I contemplated writing this post. A part of me feared it would come off as a long gripe or that it would insult people as opposed to processes; neither of which were my intent.
Car buying will always be an antagonistic and unwelcome struggle between buyer and seller and a process automakers have little-to-no control over. This post won’t change that (If I could quit my job and make car buying what I think it should be –fun, exciting, and dare I say pleasing, trust me – I would).
This post is to help buyers prepare for a true reality:
Buying a special car doesn’t make the process special.
By special I’m referring to cars with performance badges, painted in wild colors and equipped with more power than one could ever really use. These are the cars bought by enthusiast or at least people who aspire to be an enthusiast – people who are motivated and enthusiastic about their purchase. This post is for those people.
It was nearly midnight and I’d been at the store since 7:00 pm. I was finishing the last round of back-and-forth between the salesman and The Pit. The holdup this time: who was going to cover a FIFTY NINE DOLLAR difference in the numbers.
The Jeep SRT, a special performance version of the Grand Cherokee worked over by Chrysler’s Street, Racing and Technology (SRT) brand, had been sitting on the showroom floor and had 23 miles on the odometer. Small pieces of plastic were in the cup holder, likely residual material (knockout pieces) from dealer prep. The driver’s door was covered in show scuffs presumably from floor traffic getting in and out of the truck. The front end was covered in white speckles of what looked like paint overspray. I asked if it was remnants of protective film of some sort and was told the Jeep didn’t come with front plastic on delivery.
The salesman entertained me with small talk during the hours of back-and-forth with his managers. At one point he offered to clean up the Jeep, but the last thing I wanted at 11:00 pm was someone to “run back and give it a good cleaning.”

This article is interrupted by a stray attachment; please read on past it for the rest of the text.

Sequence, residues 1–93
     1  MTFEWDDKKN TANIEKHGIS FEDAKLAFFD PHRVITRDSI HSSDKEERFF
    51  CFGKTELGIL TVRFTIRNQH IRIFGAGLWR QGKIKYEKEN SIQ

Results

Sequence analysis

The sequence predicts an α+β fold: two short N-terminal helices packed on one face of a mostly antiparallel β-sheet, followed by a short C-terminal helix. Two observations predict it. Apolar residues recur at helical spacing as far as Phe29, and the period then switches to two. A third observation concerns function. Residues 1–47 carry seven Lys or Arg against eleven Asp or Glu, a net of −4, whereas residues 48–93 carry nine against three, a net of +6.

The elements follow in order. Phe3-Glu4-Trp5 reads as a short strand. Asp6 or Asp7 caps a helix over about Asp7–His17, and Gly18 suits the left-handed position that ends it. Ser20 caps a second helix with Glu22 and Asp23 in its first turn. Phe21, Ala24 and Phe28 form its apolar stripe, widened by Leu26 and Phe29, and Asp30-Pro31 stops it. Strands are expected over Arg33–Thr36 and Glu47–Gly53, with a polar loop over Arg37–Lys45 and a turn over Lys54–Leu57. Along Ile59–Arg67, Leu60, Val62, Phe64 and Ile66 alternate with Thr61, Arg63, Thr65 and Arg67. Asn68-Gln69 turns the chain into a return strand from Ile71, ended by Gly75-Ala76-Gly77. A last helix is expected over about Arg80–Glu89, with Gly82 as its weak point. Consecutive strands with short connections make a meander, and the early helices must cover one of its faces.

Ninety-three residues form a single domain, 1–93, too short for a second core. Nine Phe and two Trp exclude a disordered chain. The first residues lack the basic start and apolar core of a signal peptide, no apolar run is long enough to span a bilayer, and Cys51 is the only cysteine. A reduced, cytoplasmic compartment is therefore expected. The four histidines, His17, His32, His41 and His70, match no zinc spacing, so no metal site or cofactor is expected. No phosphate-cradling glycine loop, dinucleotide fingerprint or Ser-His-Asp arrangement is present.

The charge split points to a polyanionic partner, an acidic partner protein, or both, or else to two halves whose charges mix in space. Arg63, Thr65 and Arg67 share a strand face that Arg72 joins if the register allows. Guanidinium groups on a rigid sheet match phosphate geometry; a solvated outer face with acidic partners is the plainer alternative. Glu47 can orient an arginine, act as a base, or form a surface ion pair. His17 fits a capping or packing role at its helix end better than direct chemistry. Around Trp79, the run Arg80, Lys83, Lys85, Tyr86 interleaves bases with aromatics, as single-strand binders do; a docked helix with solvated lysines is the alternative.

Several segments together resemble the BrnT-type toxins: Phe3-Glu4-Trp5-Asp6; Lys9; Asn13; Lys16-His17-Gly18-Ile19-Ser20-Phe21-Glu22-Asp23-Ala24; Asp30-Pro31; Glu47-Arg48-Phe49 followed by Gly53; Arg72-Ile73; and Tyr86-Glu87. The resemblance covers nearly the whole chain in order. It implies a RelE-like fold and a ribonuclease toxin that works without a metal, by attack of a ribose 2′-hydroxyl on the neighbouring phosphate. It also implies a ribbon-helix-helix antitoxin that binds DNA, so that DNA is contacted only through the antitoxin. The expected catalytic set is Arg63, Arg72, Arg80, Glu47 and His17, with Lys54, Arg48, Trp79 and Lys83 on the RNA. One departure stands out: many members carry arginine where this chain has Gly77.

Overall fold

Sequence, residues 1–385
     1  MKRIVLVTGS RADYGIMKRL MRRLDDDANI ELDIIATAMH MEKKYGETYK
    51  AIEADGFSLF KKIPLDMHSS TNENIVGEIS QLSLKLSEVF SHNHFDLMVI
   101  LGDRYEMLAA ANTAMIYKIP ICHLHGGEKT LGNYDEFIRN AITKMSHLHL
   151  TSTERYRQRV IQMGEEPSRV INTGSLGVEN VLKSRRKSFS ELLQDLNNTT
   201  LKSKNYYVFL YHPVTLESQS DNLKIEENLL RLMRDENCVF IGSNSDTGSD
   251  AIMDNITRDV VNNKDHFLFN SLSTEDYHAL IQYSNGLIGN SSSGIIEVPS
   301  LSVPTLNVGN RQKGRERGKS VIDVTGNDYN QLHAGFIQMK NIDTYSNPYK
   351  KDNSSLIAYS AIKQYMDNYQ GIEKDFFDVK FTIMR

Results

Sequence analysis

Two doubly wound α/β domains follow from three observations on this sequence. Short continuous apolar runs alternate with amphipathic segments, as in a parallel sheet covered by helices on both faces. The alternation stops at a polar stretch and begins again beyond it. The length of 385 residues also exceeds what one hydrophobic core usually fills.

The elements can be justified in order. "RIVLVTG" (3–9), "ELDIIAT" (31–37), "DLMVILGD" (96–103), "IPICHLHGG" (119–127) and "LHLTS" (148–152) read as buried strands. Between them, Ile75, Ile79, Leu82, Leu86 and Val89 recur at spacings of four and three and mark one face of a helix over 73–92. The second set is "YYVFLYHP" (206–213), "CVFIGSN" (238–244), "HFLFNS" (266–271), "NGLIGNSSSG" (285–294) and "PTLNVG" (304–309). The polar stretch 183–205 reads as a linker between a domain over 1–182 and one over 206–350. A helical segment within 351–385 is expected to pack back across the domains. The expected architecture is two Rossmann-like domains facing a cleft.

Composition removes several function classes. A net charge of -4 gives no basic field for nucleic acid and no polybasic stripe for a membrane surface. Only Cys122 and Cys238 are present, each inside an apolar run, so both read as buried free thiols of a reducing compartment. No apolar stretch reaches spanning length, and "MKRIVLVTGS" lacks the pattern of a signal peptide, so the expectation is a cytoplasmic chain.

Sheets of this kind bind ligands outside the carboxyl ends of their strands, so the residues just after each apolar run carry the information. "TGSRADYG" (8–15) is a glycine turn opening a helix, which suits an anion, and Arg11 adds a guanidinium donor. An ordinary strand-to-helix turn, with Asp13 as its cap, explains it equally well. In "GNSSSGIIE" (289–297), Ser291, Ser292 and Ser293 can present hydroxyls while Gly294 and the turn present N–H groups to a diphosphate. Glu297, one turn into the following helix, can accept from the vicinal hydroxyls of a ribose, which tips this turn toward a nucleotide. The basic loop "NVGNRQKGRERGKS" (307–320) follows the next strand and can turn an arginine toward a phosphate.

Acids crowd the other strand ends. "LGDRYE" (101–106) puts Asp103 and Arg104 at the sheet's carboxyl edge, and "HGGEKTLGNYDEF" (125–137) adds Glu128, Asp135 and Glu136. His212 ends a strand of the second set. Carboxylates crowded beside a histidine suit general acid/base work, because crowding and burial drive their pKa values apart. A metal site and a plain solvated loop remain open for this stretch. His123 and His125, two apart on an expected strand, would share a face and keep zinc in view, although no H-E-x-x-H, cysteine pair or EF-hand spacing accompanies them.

When I asked about the SRT Experience I was told, “Chrysler will call you.” This turned out to be wrong.
At this point all the excitement, emotion and impulse that drove me to the store had all but vanished. I was tired, hungry and angry – apathetic about a new SRT.
Then I realized something. Buying an SRT, or any special vehicle for that matter, was no different than buying any other vehicle on the lot. When a vehicle, like the Jeep for example, spans such a wide price point ($23,000-$71,000) there’s no room to differentiate the buyer experience. There’s no way to make it special.
Later in the evening I was offered some food from Wendy’s. I opted for chicken nuggets.
In the end I don’t blame the salesman. He did what he could to make the process better. But he and most every other sales staff in the automotive business are just a byproduct of a process, a mindset and a culture. A culture that seems driven by a pay plan and structure that focuses on immediate profits and makes car buying excruciatingly painful. There’s a chance had I taken my money and went to Land Rover or Audi I would’ve had a different experience – instead of Wendy’s I would’ve been offered Starbucks and a bagel.
At the beginning of the day I wanted an SRT. At the end of the day I just wanted to be home.
Part of me, the idiotically naïve part of me, really did believe that buying an SRT was something special. But I learned, like most buyers will, it’s just inventory – inventory that shares the same painful buying process of every other piece of inventory. It, the car isn’t special.
Hearing the sales staff brag about close rates and debating how much they’d make on my trade – special was the last thing I felt.
That night I joined a family that I’d been watching from the sidelines for years, yet as I signed the last few pieces of paper and midnight approached, there was little joy, few smiles, and zero excitement. I was tired, too damn tired to care.
The next day
My alarm went off at 5am the next morning and when sat up the first thing I saw were the two sets of keys I tossed on the nightstand. I picked up the set with my house key attached to it, pressed the unlock button and walked over to the window. It was still dark out. I looked down in the driveway at the LED headlights and I smiled.
All the anticipation and happiness lost during the buying process and washed away by my exhaustion – came rushing back all at once. It was a refreshing feeling.
The last thing the sales staff told me that night; “If you could leave us a review on Google that would be great.”
And I did leave them a review, “Thank you for the chicken nuggets.”
And to my new SRT family, “Thank you for making this special.”